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Inchworm Exercise



The Inchworm is a full-body exercise that increases strength and flexibility. Your body weight is the only equipment you need to make this low-impact exercise highly effective. Named after the rhythmic movements of inchworms, this move works your core, arms, chest, and upper back while engaging the stabilizing muscles of your shoulders, hips, glutes, and quadriceps, and stretching the hamstrings and calves for a full body challenge. The Inchworm is a great body weight exercise to perform on its own, or if you have a good baseline level of strength, it is a great exercise to incorporate into an active warm-up before strength training or a cardio workout.


How do you do an Inchworm?

  1. Stand tall with your feet hip-width apart, roll your shoulders back and engage your abdominal muscles. Inhale.

  2. Gently exhale as you bend forward from your hips, bending your knees as much as you need to for your hands to reach the floor. Inhale and relax into the stretch. Exhale.

  3. As you inhale, slowly walk your hands forward, without moving your feet (your heels will begin to rise off the floor). Continue walking yourself forward until you reach a plank position (top of a push-up) where your hands are directly under your shoulders and your body forms a straight line from your heels to your head. Hold plank for 1 breath.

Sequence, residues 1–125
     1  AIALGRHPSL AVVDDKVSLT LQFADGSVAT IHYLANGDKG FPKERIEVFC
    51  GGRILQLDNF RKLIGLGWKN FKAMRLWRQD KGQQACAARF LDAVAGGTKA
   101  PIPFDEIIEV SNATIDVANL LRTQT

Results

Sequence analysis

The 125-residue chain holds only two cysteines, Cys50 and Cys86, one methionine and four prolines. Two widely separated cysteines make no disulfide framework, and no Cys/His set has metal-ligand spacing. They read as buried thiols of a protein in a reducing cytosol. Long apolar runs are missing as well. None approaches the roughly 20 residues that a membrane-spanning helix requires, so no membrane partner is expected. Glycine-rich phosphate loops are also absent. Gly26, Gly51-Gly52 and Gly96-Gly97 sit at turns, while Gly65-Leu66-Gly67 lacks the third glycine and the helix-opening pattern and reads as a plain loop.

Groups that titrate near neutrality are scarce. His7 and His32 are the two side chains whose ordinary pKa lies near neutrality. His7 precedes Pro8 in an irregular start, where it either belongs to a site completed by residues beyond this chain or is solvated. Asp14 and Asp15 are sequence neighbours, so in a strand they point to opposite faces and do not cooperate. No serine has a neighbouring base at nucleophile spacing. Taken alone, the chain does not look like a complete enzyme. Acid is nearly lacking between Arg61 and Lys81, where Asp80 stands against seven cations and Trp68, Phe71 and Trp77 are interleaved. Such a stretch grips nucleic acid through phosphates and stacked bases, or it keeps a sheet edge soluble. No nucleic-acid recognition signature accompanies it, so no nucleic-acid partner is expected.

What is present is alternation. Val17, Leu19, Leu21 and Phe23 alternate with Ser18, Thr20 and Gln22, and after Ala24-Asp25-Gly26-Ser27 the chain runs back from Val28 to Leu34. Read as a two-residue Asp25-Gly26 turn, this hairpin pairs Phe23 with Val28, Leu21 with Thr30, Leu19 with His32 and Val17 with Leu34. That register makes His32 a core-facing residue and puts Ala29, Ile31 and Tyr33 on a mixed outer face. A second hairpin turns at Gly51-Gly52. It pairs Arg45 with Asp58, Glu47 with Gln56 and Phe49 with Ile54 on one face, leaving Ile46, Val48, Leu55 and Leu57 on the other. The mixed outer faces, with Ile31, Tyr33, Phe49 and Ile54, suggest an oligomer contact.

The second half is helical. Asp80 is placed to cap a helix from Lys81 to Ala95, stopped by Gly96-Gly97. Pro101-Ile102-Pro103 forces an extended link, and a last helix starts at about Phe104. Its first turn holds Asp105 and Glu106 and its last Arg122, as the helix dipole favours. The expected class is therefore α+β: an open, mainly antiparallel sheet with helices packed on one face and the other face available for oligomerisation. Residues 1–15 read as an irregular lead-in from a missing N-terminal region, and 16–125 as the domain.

4. Inhale and as you exhale walk your hands back to your feet.

  5. Return to standing by slowly rolling back up, imagining straightening one vertebra at a time, inhaling as you rise.

  6. Repeat 8-12 times.

Variations & Challenges


There are many variations that you can add to the basic Inchworm exercise to increase the strength challenge or add additional stretches. Here are a few of my favorites:



  • Add a push-up. From plank position, slowly bend your elbows and lower down part way to the ground. Then push your body back up. The push-up can be done in a modified position from your knees or stay up on your toes for a full push-up.

  • Add a runner’s lunge. From the plank position, bring your left foot to the outside of your left hand. Hold for a breath cycle. Return your left leg back to plank position and repeat on the right side. For an extra stretch, try adding a twist -from the lunge position, twist your body toward your front leg, reaching your (same side) arm to the sky.

  • Add shoulder taps. From the plank position, touch your left shoulder with your right hand and return to plank. Then touch your right shoulder with your left hand.

  • Add a full body stretch. Return to standing and lift your arms out to your sides and then above your head until your palms touch.

In general, the Inchworm is a safe exercise for most people, especially when performed in a controlled, steady manner. However, anyone with tight hamstrings, wrist pain, or shoulder pain, may find the exercise uncomfortable to perform. If you try the movement and it causes pain, stop the exercise.


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